Lytro might be the company most synonymous with light field photography, but the reality is it’s been around for almost almost 25 years now.
In this rather unusual photo set, French photographer Antoine Geiger criticizes our obsession and addiction to modern technology and smartphones by creating faces being sucked into screens.
Using candid photos captured in the Louvre and elsewhere in Paris, Antoine says this project places the screen “as an object of “mass subculture”, alienating the relation to our own body, and more generally to the physical world”.
Love ‘em or hate ‘em, these photos make an interesting point.
The Bayer filter was patented in 1976 and can be found in almost all digital camera sensors sold today.
While several alternatives have been suggested over the years, some more exciting than others, none caught on. This could soon change, though, as Canon Watch reports that the 120MP full frame sensor Canon is developing will not be based on Bayer technology.
Quanta Image Sensor. Remember that name; it could be the new sensor type that will replace the CMOS in your current camera.
No need to worry though that the inventor of the CMOS will be forgotten, as professor Eric Fossum who invented it is also behind the development of the QIS.
Dartmouth’s Thayer School of Engineering’s professor, along with Thayer PhD candidate Jiaju Ma, have been working on a new pixel for over three years and eventually would like to“have 1 billion pixels on the sensor and we’ll still keep the sensor the same size,” says the co-inventor.
Let’s face it, batteries in general are a real drag. They’re easy to forget, add weight to an already heavy gear bag, and they have the habit of running out of juice just when we need them the most. Luckily, a team of engineers from Columbia University have discovered a way to eliminate the need for them to power a digital camera. In a report released by the team, which is led by Shree K. Nayar, the engineers have found a way to harvest energy via an image sensor and excess light.[Read More…]
Pretty much since the release of the iPhone 6 and 6 Plus there have been rumors that the next iPhone will include DSLR-like capabilities.
Apple has taken a giant step towards that goal with its recent acquisition of LinX, an Israeli camera-tech company focusing on computational imaging, and rumor has it that the next iPhone (iPhone 7?) will include the “biggest camera jump ever”.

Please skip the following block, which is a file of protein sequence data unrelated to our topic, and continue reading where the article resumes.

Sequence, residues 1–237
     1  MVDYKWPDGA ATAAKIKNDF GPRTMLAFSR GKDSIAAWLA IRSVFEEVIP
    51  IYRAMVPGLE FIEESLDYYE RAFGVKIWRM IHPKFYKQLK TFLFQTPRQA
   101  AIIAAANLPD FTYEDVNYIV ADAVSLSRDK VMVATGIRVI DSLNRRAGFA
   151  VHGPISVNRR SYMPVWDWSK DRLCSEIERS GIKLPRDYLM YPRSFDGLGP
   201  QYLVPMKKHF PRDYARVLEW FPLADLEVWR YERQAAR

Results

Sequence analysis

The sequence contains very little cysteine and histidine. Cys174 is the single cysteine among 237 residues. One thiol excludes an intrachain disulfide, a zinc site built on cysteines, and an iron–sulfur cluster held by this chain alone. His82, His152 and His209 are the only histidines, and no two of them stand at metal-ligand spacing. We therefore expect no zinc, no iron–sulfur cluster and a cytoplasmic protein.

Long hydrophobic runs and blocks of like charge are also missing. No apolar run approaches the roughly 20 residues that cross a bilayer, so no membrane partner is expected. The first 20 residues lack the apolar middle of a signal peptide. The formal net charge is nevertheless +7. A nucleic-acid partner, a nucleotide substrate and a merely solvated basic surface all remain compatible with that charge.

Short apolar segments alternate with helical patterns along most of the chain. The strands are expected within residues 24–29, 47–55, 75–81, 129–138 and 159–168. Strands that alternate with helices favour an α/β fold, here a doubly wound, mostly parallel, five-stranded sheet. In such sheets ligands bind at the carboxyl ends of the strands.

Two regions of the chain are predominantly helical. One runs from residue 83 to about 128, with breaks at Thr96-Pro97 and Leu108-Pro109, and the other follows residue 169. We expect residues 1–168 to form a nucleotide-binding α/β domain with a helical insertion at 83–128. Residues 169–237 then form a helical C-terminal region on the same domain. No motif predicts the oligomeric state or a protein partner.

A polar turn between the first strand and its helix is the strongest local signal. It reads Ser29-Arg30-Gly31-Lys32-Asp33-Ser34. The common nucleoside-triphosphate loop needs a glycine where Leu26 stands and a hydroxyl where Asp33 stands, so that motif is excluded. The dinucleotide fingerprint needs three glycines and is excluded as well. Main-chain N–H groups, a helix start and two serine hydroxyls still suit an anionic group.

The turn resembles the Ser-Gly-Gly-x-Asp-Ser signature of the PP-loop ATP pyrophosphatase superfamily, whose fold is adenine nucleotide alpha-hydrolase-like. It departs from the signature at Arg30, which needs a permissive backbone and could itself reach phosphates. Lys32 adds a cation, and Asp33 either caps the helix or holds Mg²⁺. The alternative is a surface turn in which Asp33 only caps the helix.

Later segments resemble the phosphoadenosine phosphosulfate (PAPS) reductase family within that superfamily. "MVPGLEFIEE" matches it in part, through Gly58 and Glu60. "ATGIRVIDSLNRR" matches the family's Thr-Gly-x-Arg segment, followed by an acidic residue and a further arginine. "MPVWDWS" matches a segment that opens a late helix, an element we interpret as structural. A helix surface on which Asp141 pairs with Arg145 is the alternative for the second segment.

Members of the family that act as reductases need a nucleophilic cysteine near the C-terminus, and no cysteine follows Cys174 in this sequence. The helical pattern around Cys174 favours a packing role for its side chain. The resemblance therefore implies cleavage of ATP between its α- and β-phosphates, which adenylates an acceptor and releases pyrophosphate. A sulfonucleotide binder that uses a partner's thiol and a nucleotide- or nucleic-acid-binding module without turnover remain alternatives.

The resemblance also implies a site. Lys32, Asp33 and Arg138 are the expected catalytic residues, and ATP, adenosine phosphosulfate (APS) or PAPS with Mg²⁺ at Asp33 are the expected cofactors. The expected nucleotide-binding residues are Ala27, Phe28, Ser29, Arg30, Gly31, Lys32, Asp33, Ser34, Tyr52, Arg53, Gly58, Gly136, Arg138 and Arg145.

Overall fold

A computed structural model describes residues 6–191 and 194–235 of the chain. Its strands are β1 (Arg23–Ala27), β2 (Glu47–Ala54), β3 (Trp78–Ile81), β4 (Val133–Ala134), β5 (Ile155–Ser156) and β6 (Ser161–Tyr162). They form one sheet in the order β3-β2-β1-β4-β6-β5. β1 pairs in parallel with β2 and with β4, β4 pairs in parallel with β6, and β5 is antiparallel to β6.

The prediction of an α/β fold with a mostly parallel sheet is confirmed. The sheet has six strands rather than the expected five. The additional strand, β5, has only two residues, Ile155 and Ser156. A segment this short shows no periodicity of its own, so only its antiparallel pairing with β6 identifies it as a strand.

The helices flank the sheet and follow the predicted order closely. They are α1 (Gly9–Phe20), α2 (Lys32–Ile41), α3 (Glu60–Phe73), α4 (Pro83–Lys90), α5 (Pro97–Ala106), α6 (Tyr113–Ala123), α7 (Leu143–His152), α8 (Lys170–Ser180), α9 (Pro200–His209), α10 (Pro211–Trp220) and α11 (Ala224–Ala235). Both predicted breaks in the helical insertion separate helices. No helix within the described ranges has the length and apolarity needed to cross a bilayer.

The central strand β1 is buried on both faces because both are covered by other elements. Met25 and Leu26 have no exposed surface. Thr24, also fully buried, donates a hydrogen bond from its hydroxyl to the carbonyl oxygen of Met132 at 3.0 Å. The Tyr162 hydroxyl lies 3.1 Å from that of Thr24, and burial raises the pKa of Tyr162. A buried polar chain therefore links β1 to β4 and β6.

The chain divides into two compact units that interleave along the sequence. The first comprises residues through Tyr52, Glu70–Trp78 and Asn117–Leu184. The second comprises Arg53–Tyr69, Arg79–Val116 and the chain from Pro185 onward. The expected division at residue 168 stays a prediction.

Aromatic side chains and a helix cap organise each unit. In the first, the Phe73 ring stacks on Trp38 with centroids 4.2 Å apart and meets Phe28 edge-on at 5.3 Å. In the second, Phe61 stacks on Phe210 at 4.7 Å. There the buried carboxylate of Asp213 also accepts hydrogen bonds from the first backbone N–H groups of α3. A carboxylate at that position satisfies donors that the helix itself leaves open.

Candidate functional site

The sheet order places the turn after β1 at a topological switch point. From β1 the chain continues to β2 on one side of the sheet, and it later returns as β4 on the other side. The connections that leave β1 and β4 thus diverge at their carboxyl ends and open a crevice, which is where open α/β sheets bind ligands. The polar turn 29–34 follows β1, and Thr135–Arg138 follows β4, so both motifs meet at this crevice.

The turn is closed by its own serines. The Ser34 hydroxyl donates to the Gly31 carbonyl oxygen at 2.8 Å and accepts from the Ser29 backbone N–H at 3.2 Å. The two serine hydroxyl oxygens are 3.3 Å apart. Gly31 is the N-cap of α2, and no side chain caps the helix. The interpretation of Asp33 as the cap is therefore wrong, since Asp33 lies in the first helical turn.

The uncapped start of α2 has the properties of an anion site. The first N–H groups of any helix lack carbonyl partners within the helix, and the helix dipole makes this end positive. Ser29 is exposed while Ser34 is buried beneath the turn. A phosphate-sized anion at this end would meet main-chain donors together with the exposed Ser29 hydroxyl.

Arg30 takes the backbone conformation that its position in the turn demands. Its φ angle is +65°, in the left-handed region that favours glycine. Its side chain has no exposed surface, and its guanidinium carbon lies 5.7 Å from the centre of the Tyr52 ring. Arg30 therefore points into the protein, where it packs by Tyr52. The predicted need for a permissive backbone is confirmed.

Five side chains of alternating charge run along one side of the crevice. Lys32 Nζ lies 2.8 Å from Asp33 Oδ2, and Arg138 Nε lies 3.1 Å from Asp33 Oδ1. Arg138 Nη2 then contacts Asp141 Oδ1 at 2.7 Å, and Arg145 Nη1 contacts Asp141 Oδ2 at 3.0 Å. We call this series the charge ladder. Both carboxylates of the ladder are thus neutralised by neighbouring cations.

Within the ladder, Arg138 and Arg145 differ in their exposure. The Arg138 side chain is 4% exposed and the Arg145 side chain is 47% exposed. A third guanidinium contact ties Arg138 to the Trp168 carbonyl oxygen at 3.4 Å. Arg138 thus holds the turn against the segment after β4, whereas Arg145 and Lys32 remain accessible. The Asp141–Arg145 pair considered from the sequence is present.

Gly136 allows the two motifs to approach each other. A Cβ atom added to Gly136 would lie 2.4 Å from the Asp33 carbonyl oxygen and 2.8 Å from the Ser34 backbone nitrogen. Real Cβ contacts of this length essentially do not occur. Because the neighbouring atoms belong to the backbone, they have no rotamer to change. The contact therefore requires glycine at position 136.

Setting new standards for color fidelity, HDR and shutter lag are just a few of the company’s selling points, but it is the shallow depth of field, selective focusing and 3D capabilities that make this technology, aiming to revolutionize mobile photography, so important.
Just a few days ago Instagram announced their Hyperlapse app which creates in-camera hyperlapse movies. Quality is not a stunner, but it definitely hint on the possibilities. Here is the trick, Instagram uses the in-phone gyroscope to stabilize the footage.
This is a great idea (as Ben noted), and in fact I think that all cameras should have a gyroscope built into them. In fact, I predict a trend coming in the next wave of camera to have a built in Gyro. For more than one reason:
No, that’s not a typo. A team of 12 scientists from The University of Tokyo and Keio University, have developed a camera that is capable of capturing 4.4 trillion frames per second using a technology called Sequentially Timed All-optical Mapping Photography (STAMP) according to a release posted on Nature.com. According to the team, STAMP makes it possible for their camera to outperform current high speed cameras by achieving capture rates that are 1,000 times faster than any other known camera.
Last week, we wrote about how researchers at Brown developed a code that would allow realistic weather alterations in photo-editing through text commands. As fate would have it, the new trend these days is apparently groundbreaking algorithms. Two days ago, a video was uploaded showcasing Microsoft’s latest advancement in photography; using first-person-view cameras, researchers for the company developed an algorithm that makes what they call a hyperlapse. Watching the video, you’ll probably find yourself surprised by just how fluid everything almost looks. Keep reading after the break; seeing how it’s done is just as rewarding.
With all the iPhones, iPads and Androids devices that we use today, it is pretty hard to deduct the functions of a device from the way it looks. This was not always the case. Consider the Gramophone.
It was pretty easy to understand the function of each component of this gadget. This part turns, this part senses the music and this part outputs the voice. Can you do this with a Smartphone? I don’t think so. This is why I miss those old gadgets so much.
Photographer Jim Golden must share similar feelings. His series Relics of Technology is a collection of technology from past times, when you could still understand what a device does just by looking at it.
Jim picks thrift stores finding his relics, and then poses them in a most appetizing ways.[Read More…]